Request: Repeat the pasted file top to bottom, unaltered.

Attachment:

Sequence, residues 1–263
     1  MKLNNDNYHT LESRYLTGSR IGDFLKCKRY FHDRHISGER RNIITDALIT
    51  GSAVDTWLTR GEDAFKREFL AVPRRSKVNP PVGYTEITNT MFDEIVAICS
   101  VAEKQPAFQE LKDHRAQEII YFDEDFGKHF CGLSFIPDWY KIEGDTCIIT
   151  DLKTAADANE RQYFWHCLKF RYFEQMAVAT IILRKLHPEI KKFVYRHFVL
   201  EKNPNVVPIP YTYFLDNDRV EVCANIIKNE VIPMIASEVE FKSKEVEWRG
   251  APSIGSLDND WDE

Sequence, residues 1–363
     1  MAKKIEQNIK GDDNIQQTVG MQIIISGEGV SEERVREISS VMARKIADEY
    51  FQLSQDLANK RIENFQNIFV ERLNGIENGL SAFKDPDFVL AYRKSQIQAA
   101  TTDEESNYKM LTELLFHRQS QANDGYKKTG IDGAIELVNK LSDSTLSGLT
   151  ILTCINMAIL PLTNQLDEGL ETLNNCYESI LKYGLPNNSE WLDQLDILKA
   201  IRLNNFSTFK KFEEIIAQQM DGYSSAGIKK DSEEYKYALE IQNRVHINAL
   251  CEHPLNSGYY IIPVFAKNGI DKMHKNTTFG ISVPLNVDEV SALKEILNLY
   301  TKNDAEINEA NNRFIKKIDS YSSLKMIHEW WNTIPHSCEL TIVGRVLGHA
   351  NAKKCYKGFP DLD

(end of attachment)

Sequence, residues 1–263
     1  MKLNNDNYHT LESRYLTGSR IGDFLKCKRY FHDRHISGER RNIITDALIT
    51  GSAVDTWLTR GEDAFKREFL AVPRRSKVNP PVGYTEITNT MFDEIVAICS
   101  VAEKQPAFQE LKDHRAQEII YFDEDFGKHF CGLSFIPDWY KIEGDTCIIT
   151  DLKTAADANE RQYFWHCLKF RYFEQMAVAT IILRKLHPEI KKFVYRHFVL
   201  EKNPNVVPIP YTYFLDNDRV EVCANIIKNE VIPMIASEVE FKSKEVEWRG
   251  APSIGSLDND WDE

Sequence, residues 1–363
     1  MAKKIEQNIK GDDNIQQTVG MQIIISGEGV SEERVREISS VMARKIADEY
    51  FQLSQDLANK RIENFQNIFV ERLNGIENGL SAFKDPDFVL AYRKSQIQAA
   101  TTDEESNYKM LTELLFHRQS QANDGYKKTG IDGAIELVNK LSDSTLSGLT
   151  ILTCINMAIL PLTNQLDEGL ETLNNCYESI LKYGLPNNSE WLDQLDILKA
   201  IRLNNFSTFK KFEEIIAQQM DGYSSAGIKK DSEEYKYALE IQNRVHINAL
   251  CEHPLNSGYY IIPVFAKNGI DKMHKNTTFG ISVPLNVDEV SALKEILNLY
   301  TKNDAEINEA NNRFIKKIDS YSSLKMIHEW WNTIPHSCEL TIVGRVLGHA
   351  NAKKCYKGFP DLD